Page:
Of all the insights that Friedrich August von Hayek bequeathed to us, one in particular shines out today. It is that running through the ideological and political divisions of human history are two distinct and different ways of looking at the world. One Hayek called constructivist rationalism; the other evolutionary rationalism.
Hayek spent a lifetime arguing that constructivist rationalism is economically and philosophically flawed because it assumes that ‘all social institutions are, or ought to be, the product of deliberate design’.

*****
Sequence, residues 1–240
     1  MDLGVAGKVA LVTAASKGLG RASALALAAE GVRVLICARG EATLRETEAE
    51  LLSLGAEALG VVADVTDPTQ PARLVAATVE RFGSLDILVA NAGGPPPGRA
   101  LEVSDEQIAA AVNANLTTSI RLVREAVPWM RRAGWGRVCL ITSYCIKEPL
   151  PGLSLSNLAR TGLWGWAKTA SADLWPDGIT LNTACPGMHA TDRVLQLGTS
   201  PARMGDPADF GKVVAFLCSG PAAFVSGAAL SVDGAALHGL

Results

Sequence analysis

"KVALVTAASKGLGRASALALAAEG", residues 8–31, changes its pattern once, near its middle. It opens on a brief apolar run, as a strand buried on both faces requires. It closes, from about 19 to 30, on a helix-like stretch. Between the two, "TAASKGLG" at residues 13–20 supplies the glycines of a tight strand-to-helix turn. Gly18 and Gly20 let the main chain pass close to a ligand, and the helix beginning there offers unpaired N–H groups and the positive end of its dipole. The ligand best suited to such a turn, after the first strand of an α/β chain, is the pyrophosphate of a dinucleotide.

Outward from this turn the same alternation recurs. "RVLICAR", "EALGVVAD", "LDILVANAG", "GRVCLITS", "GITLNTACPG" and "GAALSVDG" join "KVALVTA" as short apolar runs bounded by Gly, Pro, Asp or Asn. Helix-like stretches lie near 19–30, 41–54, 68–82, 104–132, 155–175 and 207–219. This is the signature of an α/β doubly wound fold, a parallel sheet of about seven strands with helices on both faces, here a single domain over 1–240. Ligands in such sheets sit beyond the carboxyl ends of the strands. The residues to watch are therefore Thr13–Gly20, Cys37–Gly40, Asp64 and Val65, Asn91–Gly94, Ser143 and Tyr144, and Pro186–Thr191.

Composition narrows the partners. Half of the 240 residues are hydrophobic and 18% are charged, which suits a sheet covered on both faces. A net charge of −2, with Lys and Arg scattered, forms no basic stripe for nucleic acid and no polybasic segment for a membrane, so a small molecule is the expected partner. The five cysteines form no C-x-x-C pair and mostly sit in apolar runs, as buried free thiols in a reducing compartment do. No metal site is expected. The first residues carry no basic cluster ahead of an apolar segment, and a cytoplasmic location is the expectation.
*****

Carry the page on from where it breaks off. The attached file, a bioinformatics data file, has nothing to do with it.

British politics froze for about 12 years after 16 September 1992, otherwise known as Black Wednesday. Real movement between the two main parties was imperceptible. The Conservative party, dominant for most of the 20th century, embarked on a long period of semi-collapse, commanding the support of no more than one third of voters, perhaps rather less. New Labour, in sharp contrast, could rely on the goodwill of over 40 per cent of the electorate.